These responses are most appropriate:
- when orthodox approaches have failed
- when the problem is one which demands a divergent solution,
- when they just are felt to be right
- when a situation is totally new.
In the main, in such circumstances the responses seem to happen of their own accord but you can encourage their use. You can encourage them simply by being ready to make an imaginative or intuitive response, or by being willing to accept the risks involved (because you know the prize may be a much better solution) or by actively looking for novelty in your responses and by resolutely refusing to get into a rut or a set pattern of action.
You can go further than this, however, and use the following exercises to stimulate your readiness and ability in making imaginative and intuitive responses:
- 1.Systematically break the rules of an everyday activity. For example, try acting like a stranger or a guest would act in you own home. Try smiling in a friendly – but not too friendly or leering – manner at everyone you meet. Dress differently, say, by not wearing a suit if you normally do or wearing colourful clothes if you normally wear subdued colours. You will have to be careful because other people may become hostile if you deviate too far from convention. You may, though, just find a startlingly new and refreshing way of doing something that you have previously taken for granted could not be changed.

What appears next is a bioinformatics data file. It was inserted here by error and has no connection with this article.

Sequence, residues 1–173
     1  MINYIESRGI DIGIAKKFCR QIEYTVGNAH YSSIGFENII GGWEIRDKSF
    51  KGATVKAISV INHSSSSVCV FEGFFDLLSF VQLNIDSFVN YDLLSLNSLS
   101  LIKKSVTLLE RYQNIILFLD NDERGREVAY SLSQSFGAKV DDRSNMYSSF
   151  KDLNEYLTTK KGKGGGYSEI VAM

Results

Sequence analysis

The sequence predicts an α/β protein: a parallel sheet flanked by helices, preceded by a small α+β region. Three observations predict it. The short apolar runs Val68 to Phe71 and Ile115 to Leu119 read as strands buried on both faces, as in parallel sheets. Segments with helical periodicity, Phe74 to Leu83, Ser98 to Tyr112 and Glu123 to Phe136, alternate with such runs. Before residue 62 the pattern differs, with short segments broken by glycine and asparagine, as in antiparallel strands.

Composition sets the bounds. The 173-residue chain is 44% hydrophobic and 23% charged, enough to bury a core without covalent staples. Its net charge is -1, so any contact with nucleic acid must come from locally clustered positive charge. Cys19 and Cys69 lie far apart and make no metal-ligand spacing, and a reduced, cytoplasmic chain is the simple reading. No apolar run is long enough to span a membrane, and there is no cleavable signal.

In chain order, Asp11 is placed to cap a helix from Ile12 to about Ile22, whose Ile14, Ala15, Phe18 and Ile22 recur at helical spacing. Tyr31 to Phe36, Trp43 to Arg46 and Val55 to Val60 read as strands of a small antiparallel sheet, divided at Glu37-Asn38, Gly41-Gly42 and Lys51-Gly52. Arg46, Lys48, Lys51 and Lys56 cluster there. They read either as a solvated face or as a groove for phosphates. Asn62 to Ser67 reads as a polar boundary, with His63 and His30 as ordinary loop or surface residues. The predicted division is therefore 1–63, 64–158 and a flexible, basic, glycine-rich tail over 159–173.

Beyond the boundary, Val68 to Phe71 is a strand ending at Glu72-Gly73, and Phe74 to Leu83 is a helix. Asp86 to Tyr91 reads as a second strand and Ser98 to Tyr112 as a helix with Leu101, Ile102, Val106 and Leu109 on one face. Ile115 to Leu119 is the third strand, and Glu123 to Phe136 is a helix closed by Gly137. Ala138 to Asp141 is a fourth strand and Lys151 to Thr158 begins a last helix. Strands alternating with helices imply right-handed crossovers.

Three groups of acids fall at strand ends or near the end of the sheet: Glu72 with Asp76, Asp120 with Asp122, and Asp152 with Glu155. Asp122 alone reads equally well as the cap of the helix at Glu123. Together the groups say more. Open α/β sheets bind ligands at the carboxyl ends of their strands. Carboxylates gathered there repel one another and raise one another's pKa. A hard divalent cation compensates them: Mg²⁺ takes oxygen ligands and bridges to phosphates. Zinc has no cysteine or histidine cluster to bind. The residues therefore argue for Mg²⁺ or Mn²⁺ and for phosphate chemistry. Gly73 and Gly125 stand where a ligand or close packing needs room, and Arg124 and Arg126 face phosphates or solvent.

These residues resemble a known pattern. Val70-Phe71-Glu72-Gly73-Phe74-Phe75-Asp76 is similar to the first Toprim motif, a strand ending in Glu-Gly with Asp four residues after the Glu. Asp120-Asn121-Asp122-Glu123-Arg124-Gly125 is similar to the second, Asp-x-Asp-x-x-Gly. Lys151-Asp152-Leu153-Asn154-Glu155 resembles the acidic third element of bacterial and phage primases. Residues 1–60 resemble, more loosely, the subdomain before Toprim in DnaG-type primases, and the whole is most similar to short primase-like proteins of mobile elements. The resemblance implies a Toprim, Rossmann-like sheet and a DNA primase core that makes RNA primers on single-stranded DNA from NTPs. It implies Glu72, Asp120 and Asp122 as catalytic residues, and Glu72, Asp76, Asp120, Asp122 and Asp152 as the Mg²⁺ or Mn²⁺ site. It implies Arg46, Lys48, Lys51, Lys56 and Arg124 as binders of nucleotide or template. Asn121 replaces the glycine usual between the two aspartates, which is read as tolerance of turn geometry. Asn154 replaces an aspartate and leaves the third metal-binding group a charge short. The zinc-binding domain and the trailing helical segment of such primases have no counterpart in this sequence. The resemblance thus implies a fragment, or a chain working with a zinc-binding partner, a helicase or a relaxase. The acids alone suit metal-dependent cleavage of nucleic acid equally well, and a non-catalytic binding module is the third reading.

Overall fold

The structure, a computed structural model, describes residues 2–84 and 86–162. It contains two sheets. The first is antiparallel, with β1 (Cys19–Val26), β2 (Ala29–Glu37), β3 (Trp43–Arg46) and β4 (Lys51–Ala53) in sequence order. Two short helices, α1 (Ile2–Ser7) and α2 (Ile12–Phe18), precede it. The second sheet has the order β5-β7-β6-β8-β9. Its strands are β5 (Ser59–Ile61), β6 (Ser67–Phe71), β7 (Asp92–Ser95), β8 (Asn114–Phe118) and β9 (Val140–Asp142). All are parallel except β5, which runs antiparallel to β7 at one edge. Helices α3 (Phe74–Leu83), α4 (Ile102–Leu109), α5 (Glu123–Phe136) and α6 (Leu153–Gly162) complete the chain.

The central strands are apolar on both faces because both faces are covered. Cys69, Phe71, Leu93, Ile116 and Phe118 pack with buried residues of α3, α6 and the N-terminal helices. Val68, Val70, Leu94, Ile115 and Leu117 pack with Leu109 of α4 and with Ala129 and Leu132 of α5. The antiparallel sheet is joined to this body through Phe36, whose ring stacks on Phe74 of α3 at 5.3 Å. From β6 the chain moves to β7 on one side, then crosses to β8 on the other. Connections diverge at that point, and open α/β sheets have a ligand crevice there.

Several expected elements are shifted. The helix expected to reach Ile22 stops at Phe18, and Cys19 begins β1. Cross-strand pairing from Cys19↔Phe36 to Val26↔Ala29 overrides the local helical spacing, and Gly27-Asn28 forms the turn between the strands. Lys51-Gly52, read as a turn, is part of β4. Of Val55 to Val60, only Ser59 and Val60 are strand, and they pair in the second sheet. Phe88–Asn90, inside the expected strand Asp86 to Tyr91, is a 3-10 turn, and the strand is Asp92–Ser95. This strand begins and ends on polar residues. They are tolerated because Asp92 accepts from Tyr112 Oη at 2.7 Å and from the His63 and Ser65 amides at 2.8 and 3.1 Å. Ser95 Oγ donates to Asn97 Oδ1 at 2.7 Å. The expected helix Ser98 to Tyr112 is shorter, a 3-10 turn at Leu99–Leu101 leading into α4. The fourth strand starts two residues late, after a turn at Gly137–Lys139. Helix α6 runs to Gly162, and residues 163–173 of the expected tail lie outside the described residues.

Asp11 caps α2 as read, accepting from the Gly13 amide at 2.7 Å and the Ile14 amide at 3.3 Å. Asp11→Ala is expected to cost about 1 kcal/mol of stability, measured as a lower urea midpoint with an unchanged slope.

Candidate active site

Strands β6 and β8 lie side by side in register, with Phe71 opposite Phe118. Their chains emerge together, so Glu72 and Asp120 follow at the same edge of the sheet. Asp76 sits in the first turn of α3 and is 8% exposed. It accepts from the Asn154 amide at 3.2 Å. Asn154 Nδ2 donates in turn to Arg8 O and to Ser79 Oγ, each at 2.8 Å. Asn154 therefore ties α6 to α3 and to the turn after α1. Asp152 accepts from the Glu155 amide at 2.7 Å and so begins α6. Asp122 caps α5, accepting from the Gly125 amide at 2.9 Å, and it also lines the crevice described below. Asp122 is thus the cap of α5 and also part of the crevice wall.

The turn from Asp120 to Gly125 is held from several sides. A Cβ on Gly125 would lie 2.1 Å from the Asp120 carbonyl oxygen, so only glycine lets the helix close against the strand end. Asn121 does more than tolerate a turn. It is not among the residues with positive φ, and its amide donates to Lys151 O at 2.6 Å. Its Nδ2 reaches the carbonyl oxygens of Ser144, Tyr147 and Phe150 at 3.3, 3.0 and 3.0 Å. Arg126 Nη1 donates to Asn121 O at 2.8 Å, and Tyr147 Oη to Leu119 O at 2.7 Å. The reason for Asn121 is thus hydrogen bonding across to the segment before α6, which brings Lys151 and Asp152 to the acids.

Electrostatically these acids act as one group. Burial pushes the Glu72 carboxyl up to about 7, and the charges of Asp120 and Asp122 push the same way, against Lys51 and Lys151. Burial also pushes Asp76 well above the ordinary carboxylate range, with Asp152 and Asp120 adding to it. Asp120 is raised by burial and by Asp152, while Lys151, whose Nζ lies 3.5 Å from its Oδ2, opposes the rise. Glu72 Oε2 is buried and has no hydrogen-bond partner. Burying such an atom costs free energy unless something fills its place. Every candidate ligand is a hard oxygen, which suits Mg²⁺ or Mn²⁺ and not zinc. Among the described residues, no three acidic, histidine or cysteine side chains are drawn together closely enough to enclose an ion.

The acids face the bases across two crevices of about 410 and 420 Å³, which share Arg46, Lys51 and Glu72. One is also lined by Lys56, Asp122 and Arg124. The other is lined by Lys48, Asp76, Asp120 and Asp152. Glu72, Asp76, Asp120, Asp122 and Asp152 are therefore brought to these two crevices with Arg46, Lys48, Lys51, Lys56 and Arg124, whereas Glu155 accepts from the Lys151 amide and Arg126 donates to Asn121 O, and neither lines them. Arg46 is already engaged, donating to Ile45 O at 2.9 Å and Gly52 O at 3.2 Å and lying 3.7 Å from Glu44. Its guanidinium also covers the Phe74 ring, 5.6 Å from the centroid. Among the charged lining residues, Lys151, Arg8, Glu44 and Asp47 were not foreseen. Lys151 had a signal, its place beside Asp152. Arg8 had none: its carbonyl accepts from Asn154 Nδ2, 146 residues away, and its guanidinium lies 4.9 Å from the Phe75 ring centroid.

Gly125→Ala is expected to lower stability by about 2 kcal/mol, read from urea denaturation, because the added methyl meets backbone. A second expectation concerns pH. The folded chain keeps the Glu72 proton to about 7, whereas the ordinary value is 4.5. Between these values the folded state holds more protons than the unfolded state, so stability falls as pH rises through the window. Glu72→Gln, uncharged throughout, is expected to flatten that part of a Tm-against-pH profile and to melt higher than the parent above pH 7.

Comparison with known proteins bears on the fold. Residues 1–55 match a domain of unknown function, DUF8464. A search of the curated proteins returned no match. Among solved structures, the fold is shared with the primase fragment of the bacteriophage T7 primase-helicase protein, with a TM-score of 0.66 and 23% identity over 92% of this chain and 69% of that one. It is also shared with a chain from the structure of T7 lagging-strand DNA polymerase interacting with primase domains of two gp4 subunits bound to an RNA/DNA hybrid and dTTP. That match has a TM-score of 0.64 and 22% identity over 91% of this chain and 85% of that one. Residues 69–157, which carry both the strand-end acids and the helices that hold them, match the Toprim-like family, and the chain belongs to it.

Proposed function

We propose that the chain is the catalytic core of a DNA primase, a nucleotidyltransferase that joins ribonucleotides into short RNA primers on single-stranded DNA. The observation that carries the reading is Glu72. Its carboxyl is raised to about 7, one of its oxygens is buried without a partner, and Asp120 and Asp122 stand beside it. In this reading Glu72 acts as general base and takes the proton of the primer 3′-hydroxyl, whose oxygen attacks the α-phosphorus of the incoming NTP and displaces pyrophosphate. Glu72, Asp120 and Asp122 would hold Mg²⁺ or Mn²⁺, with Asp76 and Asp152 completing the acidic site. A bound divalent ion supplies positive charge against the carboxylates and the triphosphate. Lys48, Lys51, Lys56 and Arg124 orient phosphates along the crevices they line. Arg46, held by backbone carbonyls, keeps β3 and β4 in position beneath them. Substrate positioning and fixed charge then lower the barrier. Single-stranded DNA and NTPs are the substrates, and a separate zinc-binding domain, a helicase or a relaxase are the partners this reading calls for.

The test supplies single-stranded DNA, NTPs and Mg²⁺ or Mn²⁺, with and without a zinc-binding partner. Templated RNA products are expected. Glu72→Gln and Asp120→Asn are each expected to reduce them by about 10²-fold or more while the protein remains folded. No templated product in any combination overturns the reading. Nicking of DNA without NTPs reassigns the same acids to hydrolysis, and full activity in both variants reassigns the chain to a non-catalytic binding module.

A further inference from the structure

- 2.Find as many uses as possible in ten minutes for a one-metre length of electrical wiring, a roll of wallpaper, a button or a ballpoint pen cap. Don’t suppress ridiculous ideas and don’t try to evaluate the quality or usefulness of your ideas until at least 24 hours later. You may come up with a brilliant invention.
- 3.Spend some of your leisure time painting or drawing, playing or listening to several different kinds of music, reading literature, making pottery or engaging in any other creative art or craft. They will all encourage the development of the ability to make imaginative and intuitive responses.
- 4.Spend some time daydreaming or trying not to think of anything at all. Then tackle a problem. Does this help you to come up with a different and better approach?
- 5.Set out in the car with no clear destination in mind. Let yourself go where impulse takes you. Afterwards ask yourself: Wasn’t that more enjoyable than a planned trip?
- 6.Telephone someone you have not spoken to for some time. Do it now, on impulse. Afterwards ask yourself why you chose who you did. Any regrets? You might just have revived a friendship that distance should not have been allowed to destroy. And discovered that imaginative and intuitive responses can be fun.
Headless chickens will never find the time to try things like this. They are too busy dashing around achieving nothing. It is the laidback bears who reap the rewards of the more open and creative opportunities that imaginative and intuitive responses have to offer.